Department of Mathematics and Statistics



Xiaoli Gao

Xiaoli Gao Research Interests: High Dimensional Data Analysis, Statistical Genetics

Dr. Gao received her B.S. in Probability and Statistics from Anhui University, China in 2000 and her M.S. and Ph.D. in Statistics from the University of Iowa in 2005 and 2008, respectively. Her primary research areas of interest include high-dimensional data analysis, change point, copy number analysis, and survival analysis. With the development of technology, more and more big data sets arise from health sciences, social sciences, and biological sciences. One important question is to find those important features from tens of thousands potential ones. Dr. Gao has special expertise in handling those large-p-small-n problems. She is also looking forward to having a big-data science research group in Triad area. Before joining UNCG, Dr. Gao held an Assistant Professor position at Oakland University in Michigan. She was also served as an intern biometrician at Merck & Co., Inc. in summer 2007 and a research assistant in Statistical consulting center at the University of Iowa in Summer 2005.

Sat Gupta

Sat Gupta Research Interests:Sample Surveys, Biostatistics, Time Series Forecasting

Dr. Gupta received PhD in mathematics from University of Delhi (1977) and PhD in statistics from Colorado State University (1987). He taught at University of Delhi for 6 years, at University of Southern Maine for 18 years, and has been at UNC Greensboro since 2004. He became a Full professor in 1997. His main research area is sampling designs, particularly designs needed for collecting information on sensitive topics where there is a greater likelihood of respondent evasiveness and untruthfulness. He has collaborated with researchers from many fields including biology, marine biology, education, anthropology, psychology, medicine, nursing, and computer science. Some of these collaborative works have been funded by NSF, NIH and other funding agencies.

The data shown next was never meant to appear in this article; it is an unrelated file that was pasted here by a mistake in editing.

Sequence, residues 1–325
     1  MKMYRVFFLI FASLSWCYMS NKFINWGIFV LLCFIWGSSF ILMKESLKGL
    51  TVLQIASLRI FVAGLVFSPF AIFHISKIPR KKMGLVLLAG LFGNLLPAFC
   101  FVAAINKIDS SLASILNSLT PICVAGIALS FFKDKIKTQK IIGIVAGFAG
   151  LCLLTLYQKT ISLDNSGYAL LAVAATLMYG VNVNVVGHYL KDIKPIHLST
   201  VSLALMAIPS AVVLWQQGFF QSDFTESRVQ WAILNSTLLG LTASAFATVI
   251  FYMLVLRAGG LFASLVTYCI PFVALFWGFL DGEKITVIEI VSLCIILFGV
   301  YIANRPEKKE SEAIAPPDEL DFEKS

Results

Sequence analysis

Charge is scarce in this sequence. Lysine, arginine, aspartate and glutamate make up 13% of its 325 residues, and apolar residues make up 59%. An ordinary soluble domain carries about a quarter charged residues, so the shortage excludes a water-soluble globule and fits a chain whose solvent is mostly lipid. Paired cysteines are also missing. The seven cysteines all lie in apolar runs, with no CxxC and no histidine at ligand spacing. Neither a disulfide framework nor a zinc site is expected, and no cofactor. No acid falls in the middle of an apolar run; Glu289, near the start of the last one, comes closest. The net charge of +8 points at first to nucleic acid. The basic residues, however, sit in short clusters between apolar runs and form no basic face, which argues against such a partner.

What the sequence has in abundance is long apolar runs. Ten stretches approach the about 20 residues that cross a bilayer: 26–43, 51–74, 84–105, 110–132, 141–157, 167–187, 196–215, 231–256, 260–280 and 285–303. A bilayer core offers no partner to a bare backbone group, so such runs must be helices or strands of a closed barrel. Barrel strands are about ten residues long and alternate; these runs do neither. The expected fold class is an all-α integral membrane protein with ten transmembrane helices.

Scott Richter

Scott Richter Research Interests: Non-Parametric Methods, Multivariate Analysis

Dr. Richter received a PhD in Statistics from Oklahoma State University (1997). His current research interests are in the area of nonparametric methods, especially those based on resampling. Recent work has focused on permutation multiple comparison procedures. As Director of the Statistical Consulting Center, Dr. Richter has consulted extensively with faculty and graduate student researchers from biological, health and social sciences. These interactions have often led to collaborations resulting co-authored publications and externally funded projects.

Haimeng Zhang

Haimeng Zhang Research Interests: Survival Analysis, Spatial Statistics, Applied Probability

Dr. Zhang received his Master's degree in computer engineering in 1996 and his Ph.D. degree in applied mathematics with concentration in statistics in 1998, both from the University of Southern California at Los Angeles, CA. He was an assistant professor and then an associate professor in Concordia College at Moorhead, MN from 1998 to 2008. He became an associate professor of statistics at Mississippi State University from 2008 to 2013. His research interests are in the fields of spatial statistics, survival analysis, and applied probability. He has been collaborating with researchers from many fields such as geography, biology, computer science, and health science. His current NSF-supported research focuses on the statistical analysis of global-scale processes and phenomena using spatio-temporal data collected from global networks and satellite sensors.

Insuk Shim

Insuk Shim My research interest is on Generalization of Multivariate Markovian Arrival Process.The applications were made with level-independent MAP which has only possible one-step transition rate in most cases. If we can generalize MAP that includes level-dependent transitions of MAP which will have finitely many transition rates from one state to other states, it will be more useful to analyze the real situation. Multivariate MAP process can be introduced as a generalization of the MAP. Multivariate MAP can be generally used to count multiple types of events. For example, the resulting probability distributions from the Multivariate MAP show normal, abnormal behaviors, long-tail breakthrough curves depending on the MAP structures. The research will find a rich structure of the Multivariate MAP and flexibility so the result can apply for modeling groundwater solute transport, queueing networks, and other real world problems.